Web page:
At age 35 she has succeeded in business in ways that would make many even successful men envious. If things keep going her way, she could be the next Mark Zuckerberg. All while maintaining her role as the quintessential Jewish woman without sacrificing one iota of her Judaism. My hat is off to her.

*(Unfortunately one must be a subscriber to the digital version of Chicago Tribune to see the article online. But it is a front page story in the business section – print edition.)

Visit Emes Ve-Emunah.

Der Spiegel: Online Jihad Cool, Getting Cooler

Monday, November 5th, 2012

Jihad marketers are making militant Islam cool, according to a new article in Germany’s Der Spiegel newspaper.

Berlin hip-hop artist Deso Dogg has catapulted to fame since taking the name Abu Malik and switching from rap songs like “Gangxta” to Anasheed – Islamic vocals in which he promotes the tenets of jihadist Islam.

To such a degree has Deso Dogg/Abu Malik (given name: Denis Cuspert) garnered a cult following, that the Office for the Protection of the Constitution in Berlin has requested that three of his songs be labeled harmful to minors due to their inciting nature

His rise to fame is just one example of ways jihadist Islam has taken to the internet to promote its message, according to a new study by the Berlin-based Foundation for Science and Politics, an advising body to the German government.

According to the Der Spiegel report, the Global Islamic Media Front (GIMF), the worldwide jihad promotion oranganization, was established only at the end of 2005 in Germany, and was quickly utilized by sympathizers of al-Qaida.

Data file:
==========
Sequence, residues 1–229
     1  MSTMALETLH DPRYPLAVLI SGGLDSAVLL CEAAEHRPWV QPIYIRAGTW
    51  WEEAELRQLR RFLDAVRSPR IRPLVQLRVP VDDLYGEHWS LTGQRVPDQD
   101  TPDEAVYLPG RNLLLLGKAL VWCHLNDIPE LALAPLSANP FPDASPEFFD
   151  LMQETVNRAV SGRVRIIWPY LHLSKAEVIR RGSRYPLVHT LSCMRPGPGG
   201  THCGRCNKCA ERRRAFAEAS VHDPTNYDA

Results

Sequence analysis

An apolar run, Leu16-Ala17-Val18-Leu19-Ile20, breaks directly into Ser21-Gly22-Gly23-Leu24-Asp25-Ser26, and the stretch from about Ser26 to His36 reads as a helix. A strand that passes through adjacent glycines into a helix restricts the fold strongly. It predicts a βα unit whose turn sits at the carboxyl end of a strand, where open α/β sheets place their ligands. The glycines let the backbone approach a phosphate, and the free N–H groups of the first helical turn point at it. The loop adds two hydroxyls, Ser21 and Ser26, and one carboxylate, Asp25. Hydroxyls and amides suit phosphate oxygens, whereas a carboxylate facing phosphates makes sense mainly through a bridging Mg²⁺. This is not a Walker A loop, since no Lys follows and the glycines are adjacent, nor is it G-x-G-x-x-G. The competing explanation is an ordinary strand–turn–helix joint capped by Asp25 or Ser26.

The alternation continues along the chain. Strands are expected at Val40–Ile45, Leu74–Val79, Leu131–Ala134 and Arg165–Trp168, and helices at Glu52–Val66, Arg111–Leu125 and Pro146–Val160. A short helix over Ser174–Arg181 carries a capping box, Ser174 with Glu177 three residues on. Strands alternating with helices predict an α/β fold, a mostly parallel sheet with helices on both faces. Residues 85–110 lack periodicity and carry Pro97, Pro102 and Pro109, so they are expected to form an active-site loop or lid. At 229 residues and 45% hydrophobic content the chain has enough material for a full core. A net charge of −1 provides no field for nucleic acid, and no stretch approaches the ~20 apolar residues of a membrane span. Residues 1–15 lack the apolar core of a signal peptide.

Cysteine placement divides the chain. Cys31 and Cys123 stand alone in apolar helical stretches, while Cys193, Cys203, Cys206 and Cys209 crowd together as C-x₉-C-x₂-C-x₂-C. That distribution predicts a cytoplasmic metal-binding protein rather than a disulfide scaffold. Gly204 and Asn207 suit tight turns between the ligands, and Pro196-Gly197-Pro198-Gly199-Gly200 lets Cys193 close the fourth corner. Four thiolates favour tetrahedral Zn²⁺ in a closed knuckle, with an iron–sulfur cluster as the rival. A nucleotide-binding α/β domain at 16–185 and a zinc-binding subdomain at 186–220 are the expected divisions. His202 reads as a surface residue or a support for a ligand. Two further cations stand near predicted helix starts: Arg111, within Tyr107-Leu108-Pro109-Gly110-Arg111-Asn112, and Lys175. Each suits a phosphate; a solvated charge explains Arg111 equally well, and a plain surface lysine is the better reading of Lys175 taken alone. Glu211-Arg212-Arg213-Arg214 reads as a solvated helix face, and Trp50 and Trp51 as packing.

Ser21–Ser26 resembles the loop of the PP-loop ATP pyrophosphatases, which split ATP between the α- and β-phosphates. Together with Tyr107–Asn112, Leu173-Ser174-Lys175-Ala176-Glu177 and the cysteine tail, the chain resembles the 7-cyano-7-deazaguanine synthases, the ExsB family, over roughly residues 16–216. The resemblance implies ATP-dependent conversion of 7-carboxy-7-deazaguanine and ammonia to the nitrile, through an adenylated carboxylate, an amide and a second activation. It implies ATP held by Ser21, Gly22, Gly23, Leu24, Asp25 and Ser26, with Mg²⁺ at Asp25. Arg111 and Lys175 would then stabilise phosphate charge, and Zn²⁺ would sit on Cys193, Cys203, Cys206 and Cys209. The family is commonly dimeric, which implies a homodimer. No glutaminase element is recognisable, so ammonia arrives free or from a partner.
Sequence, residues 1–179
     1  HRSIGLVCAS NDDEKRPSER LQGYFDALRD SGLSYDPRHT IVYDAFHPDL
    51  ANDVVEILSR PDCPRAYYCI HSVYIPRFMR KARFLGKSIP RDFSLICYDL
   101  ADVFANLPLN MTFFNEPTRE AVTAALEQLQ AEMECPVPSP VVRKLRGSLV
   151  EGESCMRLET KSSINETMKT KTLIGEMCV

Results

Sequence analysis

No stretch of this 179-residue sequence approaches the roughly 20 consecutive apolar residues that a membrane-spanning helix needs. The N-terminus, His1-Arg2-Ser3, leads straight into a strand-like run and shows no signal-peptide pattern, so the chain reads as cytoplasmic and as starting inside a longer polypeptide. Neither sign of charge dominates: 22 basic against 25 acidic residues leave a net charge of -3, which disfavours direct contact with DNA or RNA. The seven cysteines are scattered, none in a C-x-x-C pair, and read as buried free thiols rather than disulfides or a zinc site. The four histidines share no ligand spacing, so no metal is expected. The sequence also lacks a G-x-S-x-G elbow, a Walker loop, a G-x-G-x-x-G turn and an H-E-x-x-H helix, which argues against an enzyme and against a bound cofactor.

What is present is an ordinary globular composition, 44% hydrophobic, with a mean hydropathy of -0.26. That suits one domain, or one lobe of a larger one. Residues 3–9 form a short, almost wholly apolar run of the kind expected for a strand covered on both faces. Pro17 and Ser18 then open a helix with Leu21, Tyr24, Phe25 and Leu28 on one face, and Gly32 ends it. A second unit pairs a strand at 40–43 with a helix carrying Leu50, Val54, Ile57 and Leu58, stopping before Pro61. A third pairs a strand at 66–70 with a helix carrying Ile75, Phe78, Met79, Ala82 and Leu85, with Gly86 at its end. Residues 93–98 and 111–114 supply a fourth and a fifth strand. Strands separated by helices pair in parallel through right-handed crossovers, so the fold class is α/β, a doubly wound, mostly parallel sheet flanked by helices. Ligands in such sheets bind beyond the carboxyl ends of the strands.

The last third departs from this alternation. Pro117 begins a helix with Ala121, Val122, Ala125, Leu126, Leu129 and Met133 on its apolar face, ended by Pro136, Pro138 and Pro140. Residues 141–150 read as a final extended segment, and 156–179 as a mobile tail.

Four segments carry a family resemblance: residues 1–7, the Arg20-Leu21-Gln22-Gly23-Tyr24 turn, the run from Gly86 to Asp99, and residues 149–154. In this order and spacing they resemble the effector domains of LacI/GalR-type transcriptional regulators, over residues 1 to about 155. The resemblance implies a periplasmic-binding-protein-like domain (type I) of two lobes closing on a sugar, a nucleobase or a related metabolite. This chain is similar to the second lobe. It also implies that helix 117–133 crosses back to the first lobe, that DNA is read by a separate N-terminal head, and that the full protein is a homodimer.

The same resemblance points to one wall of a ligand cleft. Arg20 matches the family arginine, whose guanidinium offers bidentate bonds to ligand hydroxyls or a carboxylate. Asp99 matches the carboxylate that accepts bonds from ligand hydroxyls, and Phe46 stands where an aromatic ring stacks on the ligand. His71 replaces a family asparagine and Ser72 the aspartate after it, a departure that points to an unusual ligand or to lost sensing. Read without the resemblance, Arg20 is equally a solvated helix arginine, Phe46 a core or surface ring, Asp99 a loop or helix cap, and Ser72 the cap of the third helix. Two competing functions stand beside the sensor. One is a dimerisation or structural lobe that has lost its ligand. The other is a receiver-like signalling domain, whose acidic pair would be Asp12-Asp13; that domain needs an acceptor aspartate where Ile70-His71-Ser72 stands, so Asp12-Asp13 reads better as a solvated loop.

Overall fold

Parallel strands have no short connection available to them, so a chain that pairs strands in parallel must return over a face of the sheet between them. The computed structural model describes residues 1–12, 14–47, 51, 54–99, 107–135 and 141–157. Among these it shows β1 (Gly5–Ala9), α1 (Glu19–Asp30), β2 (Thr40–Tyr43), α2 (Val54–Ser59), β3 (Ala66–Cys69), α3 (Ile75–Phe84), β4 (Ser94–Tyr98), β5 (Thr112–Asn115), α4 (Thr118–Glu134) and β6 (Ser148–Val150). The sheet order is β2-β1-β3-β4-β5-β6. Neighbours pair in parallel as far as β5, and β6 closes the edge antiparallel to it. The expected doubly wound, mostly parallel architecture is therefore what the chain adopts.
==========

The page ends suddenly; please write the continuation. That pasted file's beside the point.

Its German leader, Mohamed Mahmoud, was arrested for a GIMF video threatening attacks on Germany and Austria in 2007, and was released in September 2011.

Yet after serving his jail time, Mahmoud continued in his mission, joining forces with Abu Malik to transform the western German city of Solingen’s mosque, the Millatu Ibrahim Mosque, into a nationally-known organization center for Salafist Muslims.

They set up professional, sophisticated websites drawing on youth culture to sell the Islamic message online.

And though Germany could systematically shut down those sites, the Foundation for Science and Politics says it may be too late to stem the tide of Jihad on the web.  According to the organization, Mahmoud’s jail time only serves to impress consumers of his product, and has led to the up-cropping of many smaller follower sites and blogs.

And now that Mahmoud and Cuspert have gone into hiding in the wake of a ban on Millatu Ibrahim Salafist meetings and police pressure against violent acts by Islamic groups in Germany, the two are underground heroes whose periodic online messages draw the excitement of a growing group of adherents.